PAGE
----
Starchy roots – Nutritional Values
After cereals starchy roots occupy the second position as rich sources of carbohydrates. They serve as functional and nutraceutical ingredients. They are much useful in maintaining wellness and attenuating non-communicable chronic diseases. They are originated from diversified botanical sources and provide substantial part of the food supply in the world.
They are actually plants that store edible starch material in subterranean stems, roots, rhizomes, corms, and tubers.
The commonly used starchy roots and tubers are potatoes (country as well as sweet potatoes), cannas, Taro, Yam, Cassava, and elephant foot yam, etc.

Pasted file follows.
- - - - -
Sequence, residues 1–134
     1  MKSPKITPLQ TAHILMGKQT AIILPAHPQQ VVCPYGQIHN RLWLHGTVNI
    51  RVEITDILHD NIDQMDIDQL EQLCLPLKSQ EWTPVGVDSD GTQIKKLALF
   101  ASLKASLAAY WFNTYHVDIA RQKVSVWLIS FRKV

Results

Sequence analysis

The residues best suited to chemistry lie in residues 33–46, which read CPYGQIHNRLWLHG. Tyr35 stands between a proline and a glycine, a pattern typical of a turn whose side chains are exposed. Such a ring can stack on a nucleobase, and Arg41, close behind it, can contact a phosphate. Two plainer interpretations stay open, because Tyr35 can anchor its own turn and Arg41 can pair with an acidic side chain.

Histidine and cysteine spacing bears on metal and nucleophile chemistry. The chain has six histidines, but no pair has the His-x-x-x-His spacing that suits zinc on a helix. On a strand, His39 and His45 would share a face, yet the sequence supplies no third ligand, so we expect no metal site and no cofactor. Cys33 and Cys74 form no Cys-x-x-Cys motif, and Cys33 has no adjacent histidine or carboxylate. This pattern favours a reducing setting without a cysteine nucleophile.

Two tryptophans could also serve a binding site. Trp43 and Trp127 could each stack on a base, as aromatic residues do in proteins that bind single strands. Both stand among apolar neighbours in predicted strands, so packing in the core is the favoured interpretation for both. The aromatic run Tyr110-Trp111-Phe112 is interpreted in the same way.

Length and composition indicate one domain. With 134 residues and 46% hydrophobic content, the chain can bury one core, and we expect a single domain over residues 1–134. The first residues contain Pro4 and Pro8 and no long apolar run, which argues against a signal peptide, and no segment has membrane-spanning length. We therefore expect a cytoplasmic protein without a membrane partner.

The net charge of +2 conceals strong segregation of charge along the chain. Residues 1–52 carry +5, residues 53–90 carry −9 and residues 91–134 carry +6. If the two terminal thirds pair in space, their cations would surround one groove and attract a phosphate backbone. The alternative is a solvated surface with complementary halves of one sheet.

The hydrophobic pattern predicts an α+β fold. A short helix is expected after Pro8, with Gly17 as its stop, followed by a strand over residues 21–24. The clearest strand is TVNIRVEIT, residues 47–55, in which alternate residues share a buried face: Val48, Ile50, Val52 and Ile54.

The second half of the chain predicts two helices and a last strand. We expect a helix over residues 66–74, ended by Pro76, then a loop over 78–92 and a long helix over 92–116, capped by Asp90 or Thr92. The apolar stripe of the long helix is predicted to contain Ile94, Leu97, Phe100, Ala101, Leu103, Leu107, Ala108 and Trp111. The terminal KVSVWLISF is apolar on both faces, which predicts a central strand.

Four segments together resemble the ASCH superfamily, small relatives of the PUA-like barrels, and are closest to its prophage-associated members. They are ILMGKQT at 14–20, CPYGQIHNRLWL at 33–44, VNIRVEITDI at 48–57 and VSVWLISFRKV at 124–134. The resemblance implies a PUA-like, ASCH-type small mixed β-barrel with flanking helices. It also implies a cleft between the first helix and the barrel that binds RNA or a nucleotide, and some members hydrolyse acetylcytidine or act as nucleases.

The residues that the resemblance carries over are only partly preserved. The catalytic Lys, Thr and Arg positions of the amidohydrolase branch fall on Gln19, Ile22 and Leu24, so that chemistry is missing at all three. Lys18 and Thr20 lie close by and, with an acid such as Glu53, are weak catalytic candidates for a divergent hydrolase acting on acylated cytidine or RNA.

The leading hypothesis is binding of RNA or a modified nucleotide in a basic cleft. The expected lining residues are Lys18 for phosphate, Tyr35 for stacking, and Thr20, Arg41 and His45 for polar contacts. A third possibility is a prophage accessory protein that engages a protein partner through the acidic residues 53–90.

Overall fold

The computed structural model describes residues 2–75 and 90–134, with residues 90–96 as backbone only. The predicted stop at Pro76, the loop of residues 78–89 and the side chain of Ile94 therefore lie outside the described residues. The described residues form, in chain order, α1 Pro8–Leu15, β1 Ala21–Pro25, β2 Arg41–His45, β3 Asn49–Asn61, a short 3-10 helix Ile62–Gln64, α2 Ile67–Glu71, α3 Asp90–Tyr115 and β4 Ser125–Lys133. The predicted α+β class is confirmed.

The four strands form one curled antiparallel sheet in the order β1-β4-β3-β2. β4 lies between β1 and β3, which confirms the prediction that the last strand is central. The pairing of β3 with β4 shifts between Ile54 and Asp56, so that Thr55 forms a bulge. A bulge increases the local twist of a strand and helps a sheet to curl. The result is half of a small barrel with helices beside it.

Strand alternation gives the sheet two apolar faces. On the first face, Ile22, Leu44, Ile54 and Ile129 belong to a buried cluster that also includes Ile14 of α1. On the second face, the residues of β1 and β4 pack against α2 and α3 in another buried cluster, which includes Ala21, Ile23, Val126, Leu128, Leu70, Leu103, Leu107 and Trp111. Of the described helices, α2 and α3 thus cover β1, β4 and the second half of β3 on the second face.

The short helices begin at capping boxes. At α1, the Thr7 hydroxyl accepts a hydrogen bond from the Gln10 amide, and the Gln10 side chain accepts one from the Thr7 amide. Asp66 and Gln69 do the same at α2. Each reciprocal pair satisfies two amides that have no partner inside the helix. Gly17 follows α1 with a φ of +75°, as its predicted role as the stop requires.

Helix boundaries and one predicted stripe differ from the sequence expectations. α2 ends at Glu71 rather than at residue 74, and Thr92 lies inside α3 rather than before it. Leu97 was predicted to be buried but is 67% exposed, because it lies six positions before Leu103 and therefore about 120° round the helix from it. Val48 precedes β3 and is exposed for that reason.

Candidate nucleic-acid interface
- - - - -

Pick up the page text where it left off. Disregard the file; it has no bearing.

They can be classified as below:
Potatoes and yams.
- Corms (underground stems & swollen hypocotyls):
Taro and cocoyam.
- Storage roots:
Cassava & sweet potatoes.
- Edible rhizomes:
Canna & arrow roots.
Potatoes, sweet potatoes, and cassavas take 90% share of production of root and tuber crops globally.
They are economical and provide great nutritional and dietary energy. They also play a great role as anti-oxidative, hypoglycemic, hypocholesterolemic, antimicrobial, and immunomodulatory agents.
People in different places use starchy roots and tubers to prepare a variety of foods. They are also used for animal feed, medical and industrial applications.